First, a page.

Being my last column of the year, it's time to reflect on the past 12 months – but I'm wondering if I should remind you!

From January until about the June 10, for most of us it was near perfect farming conditions. Since then, with the exception maybe of the Eastern side from Angus to the south-east corner, it will go down in the history books as one we would all like to forget.

Even on December 1 there were a few forage harvesters working in Ayrshire with the aim of ensiling grass. I was also hearing of some absolutely horrendous accounts of the lack of feed, due to forage shortages, right up and down the western half of Scotland. I am also led to believe it is the same on the West of Ireland.

I am reliably informed that the number of beef cull cows going through sale rings is up more than 5%, compared to October and November last year, with dairy cows not far behind. No doubt some of that is because of feed shortage, coupled with higher bedding costs.

There are also a number of beef herd dispersals taking place, so I asked a West Coast auctioneer what his thoughts were on what appears to be a significant reduction in beef cows. His answer was clear – he said the next generation were not going to calve cows and lamb ewes for the low returns that they receive ... simple as that!

He maintained that there was a whole generation right now, who go to college or university after school and then find jobs with much higher pay packets than they would ever get from farming livestock. He argued that all this talk about young people wanting to get into farming, is nonsense – he heard more about those wanting to get out of farming!

So, with those thoughts in my mind I have taken a look much closer to home. In fact, if you take a look on the map inside the square encompassed by the A73, M8, M73 and M80 there are around 30 farms at this moment in time. There are less than a third of these farms who have successors who will be farmers in the future.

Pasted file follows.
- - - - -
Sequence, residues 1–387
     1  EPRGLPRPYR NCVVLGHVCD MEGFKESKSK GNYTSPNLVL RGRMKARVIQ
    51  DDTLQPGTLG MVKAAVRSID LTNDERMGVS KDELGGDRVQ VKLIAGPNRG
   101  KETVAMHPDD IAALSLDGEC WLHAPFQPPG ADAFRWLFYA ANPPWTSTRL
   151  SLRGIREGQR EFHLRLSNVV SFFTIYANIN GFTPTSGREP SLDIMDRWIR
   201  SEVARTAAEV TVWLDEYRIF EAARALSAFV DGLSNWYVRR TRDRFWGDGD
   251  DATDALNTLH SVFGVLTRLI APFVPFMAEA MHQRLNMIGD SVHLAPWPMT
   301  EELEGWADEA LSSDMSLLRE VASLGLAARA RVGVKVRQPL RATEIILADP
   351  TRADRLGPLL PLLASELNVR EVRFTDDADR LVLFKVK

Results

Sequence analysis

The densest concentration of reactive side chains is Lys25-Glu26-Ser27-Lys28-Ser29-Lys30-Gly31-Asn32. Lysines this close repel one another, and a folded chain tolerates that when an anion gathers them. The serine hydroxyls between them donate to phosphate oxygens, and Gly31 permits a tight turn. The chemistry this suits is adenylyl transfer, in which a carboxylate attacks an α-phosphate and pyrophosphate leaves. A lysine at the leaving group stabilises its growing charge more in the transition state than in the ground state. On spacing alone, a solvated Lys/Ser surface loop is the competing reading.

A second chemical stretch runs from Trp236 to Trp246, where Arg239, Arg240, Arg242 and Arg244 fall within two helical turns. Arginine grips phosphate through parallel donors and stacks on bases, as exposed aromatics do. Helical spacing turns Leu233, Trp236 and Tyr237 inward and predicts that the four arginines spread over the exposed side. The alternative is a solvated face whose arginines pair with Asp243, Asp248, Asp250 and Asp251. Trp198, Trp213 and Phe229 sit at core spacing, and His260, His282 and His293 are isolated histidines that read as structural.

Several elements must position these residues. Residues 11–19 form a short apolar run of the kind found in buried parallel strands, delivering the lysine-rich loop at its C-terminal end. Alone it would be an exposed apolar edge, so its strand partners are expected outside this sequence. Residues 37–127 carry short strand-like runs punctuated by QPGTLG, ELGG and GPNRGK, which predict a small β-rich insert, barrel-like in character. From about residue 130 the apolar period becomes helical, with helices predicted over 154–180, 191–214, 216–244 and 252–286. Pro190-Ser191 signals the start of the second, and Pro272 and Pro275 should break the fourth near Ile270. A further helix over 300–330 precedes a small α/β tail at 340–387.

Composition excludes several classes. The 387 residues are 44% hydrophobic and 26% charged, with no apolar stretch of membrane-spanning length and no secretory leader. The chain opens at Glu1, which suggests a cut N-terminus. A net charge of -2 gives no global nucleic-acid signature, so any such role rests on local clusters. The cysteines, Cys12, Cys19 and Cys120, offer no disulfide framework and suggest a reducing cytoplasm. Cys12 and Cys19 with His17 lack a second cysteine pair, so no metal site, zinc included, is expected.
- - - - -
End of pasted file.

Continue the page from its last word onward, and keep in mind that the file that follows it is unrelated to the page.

I accept that I farm in the heart of the industrial belt in Scotland, where it is more attractive for the following generations to do work that is more financially rewarding than farming. But, I must admit it was a sobering thought, having done this analysis, that two-thirds of my neighbouring units will not be farmed in 20 plus years time by the present incumbents. Hopefully, this is a unique part of Scotland because of its location and therefore it does not mirror the rest of the farming landscape. But, I hear regularly about farming situations where either the next generation does not want to farm, or there is not a successor to follow.

This can only mean that in the future there will be fewer farmers and those that are left will become larger.

What is driving this change? It has to be driven by one thing – 'economics'! As an example, the other day, I spoke to a young suckler cow farmer (probably not yet 50) who had a discussion round the table with his two teenage children. The question was – who would want to be a beef farmer when the cows nearly all calve through the night?

Having calved thousands of dairy cows over 50 years, I can confirm that 80% do calve through the night. According to those teenagers it is no different with beef cows!

One of the best investments I made 40 years ago was to install cameras in the calving pens with a monitor at my bedside. Today, you can have it on your mobile phones!

Now I have been commenting on the reduction of beef cows, but I am afraid the situation is similar with dairy cows, in spite of an improved milk price. We are all well aware of the high profile herds, like the Mairs, at Turriff, but I can tell you that there are several more that I am hearing about who are exiting with a much lower profile.